If imitation really is the sincerest form of flattery, then Sarina Wiegman’s costume says it all.
The England head coach won a second consecutive Women’s Euro trophy on Sunday, having guided his native Netherlands to glory in 2017.
Britain exponentially took notice of the steely blue-eyed woman who guided the Lionesses to glory, even surpassing some members of her own squad to become one of the tournament’s most recognizable faces.
That fashion editors told admirers where to get his pitchside uniform, a dark £45 M&S blazer with matching trousers, paired with a white shirt and Nike trainers, says a lot about how quickly the The 52-year-old’s stock has risen since she took the reins last September.
The no-frills look, which has seen sales of his signature blazer increase by 140% since last week, very much reflects the modus operandi of its wearer, who has kept the same starting XI throughout the tournament.
“She looks calm, she looks cool, I’ve heard players say how honest she is with them,” said former Lion Kelly Smith, who won 117 caps for England , to the PA news agency.
“There is no BS, which some managers can give you. She’s just, ‘this is what you have to do. If you don’t then potentially you won’t play, I have to see that from you.” It’s very relevant, and I think players have never had that before.
“And they like it, that it’s kind of basic, but they accept it. They just seem so unified and united.
The “Sarina suit” wasn’t the first major style choice the former PE teacher made during her remarkable career, breaking records and shattering the glass ceiling.
Before the trophies, accolades and this weekend’s trip to the ‘homeland of football’, there was ‘The Haircut’.
There were no women’s teams available when Wiegman started playing in her hometown of The Hague, but mixed teams were banned. Determined, the future winner of FIFA’s Best Female Coach award — the only woman to hold the title twice — cut her hair to blend in better with her twin brother and the boys.
“Sometimes when people saw I was a girl they caused trouble,” she wrote in The Coaches’ Voice.
“Other times we had great reactions. But most of the time it was difficult to play.
Wiegman’s breakthrough came at 16, when she was first selected for the Dutch national team and traveled to China to compete in a proof of concept tournament for a future Women’s World Cup. .
There she met United States women’s national team coach Anson Dorrance, who also led the women’s roster at the University of North Carolina. It didn’t take much to convince Wiegman, then frustrated with the Netherlands’ commitment to women’s football, to take her next steps in the United States.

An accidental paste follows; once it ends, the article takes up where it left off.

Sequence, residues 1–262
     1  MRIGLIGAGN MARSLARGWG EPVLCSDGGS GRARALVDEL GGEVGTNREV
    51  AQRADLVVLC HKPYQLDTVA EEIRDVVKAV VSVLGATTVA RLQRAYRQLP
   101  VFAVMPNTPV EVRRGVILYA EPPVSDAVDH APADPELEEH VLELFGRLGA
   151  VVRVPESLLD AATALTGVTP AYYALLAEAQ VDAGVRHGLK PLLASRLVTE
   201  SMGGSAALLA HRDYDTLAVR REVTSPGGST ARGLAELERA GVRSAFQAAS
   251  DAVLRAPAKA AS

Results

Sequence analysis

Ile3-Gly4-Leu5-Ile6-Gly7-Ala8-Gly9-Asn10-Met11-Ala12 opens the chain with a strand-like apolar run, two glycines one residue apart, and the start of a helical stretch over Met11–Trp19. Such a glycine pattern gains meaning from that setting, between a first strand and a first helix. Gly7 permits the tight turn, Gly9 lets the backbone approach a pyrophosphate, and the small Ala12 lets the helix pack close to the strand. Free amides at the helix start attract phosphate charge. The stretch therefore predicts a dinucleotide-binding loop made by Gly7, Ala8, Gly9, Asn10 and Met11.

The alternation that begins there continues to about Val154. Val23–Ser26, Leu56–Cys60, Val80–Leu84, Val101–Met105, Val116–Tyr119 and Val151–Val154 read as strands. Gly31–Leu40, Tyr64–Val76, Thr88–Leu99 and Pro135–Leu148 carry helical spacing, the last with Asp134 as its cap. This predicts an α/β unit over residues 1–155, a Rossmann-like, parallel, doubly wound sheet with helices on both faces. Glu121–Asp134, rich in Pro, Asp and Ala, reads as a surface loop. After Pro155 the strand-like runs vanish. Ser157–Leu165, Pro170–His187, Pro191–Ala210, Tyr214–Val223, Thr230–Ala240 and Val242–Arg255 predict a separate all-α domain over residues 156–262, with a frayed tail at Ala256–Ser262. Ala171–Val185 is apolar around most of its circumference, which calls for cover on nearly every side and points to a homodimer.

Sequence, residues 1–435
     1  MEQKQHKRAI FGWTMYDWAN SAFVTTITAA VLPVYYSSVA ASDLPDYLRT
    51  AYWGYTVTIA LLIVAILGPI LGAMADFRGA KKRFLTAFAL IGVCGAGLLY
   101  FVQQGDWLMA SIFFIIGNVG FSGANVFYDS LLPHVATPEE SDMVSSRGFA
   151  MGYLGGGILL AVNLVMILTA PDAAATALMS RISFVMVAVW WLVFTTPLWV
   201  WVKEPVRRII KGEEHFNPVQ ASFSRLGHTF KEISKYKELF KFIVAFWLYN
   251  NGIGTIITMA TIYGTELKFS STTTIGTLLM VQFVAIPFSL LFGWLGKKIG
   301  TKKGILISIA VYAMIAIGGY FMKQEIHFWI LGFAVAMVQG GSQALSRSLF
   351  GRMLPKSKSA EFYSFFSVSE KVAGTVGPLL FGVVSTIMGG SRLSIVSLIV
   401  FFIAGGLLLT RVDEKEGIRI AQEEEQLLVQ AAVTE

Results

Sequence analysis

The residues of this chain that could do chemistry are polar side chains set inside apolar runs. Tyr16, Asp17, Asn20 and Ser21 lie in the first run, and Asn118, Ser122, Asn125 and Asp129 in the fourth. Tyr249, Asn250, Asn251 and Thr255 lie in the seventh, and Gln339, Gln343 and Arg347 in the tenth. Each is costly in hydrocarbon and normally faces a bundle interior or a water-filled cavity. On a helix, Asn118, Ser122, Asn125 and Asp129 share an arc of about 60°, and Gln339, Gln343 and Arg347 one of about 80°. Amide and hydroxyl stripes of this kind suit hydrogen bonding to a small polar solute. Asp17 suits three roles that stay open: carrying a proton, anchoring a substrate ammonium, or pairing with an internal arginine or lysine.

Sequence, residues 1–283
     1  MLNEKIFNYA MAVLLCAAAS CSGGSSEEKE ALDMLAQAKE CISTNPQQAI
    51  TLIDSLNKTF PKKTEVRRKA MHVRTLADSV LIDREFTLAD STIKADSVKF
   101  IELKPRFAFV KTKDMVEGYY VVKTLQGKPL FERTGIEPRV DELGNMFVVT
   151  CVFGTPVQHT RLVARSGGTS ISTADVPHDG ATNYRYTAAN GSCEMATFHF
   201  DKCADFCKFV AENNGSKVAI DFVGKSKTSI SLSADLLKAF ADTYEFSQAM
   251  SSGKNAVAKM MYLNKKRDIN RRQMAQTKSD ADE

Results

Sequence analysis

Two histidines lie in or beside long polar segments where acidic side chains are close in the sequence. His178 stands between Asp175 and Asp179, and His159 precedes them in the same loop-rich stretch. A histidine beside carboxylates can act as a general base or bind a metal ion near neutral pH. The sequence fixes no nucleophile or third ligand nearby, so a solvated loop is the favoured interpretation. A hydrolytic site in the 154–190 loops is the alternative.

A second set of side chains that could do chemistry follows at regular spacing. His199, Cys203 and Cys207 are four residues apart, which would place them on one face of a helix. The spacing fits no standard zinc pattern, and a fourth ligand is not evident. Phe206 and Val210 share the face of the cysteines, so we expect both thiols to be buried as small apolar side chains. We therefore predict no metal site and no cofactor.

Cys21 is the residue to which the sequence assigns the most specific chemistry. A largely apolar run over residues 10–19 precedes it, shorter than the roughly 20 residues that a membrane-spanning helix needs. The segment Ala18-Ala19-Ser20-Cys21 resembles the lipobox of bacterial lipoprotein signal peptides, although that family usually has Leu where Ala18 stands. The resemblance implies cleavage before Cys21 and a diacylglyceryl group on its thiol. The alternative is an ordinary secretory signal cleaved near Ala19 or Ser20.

She wrote: “In the Netherlands it felt like we were always fighting for our place. As if we were not accepted. I wanted more and I knew that in the United States things were better.
Unfamiliarity gave way to comfort, then to confidence, as Wiegman realized there were others like her, pushing for more and better in the game she loved. This instilled a sense of cruelty – a descriptor that has followed Wiegman to this day – in the young footballer.
She would become the first centurion for the Dutch women’s team, winning 104 caps alongside two national titles with Ter Leede before retiring in 2003, when she began balancing teaching physical education with coaching .
The mother-of-two was recruited by ADO Den Haag in 2007 to lead their newly formed Eredivisie Vrouwen team, a job she insisted she would only take if done full-time. Seven years later, she was back in the national team setup, this time as an assistant to head coach Roger Reijners.
She also worked as a trainee coach with Sparta Rotterdam’s men’s team during their Pro license course, making Wiegman the first woman to coach with a Dutch men’s professional club.
Wiegman was handed the Netherlands’ top job in 2017, just six months before she was to guide the hosts to home Euro victory – the sea of orange-clad supporters, who made their presence here known this summer, which speaks to how far the game had come and their role in it.
Some might suggest that Wiegman seems stern and reserved. She was, after all, the person who named Leah Williamson captain without sentimentality while the status of longtime injured skipper Steph Houghton was still unknown, giving England some vital consistency in their preparations for the tournament.
But behind the crisp shirt is someone with a wry smile and an understated sense of humor, a woman who recently burst out laughing when asked if she was a “serial winner” and seemed increasingly exuberant and generous with hugs after each final whistle. .
The jacket was off and the shirt sleeves rolled up for Sunday’s final at scorching Wembley, but the professional approach remained – with a traditional Wiegman result.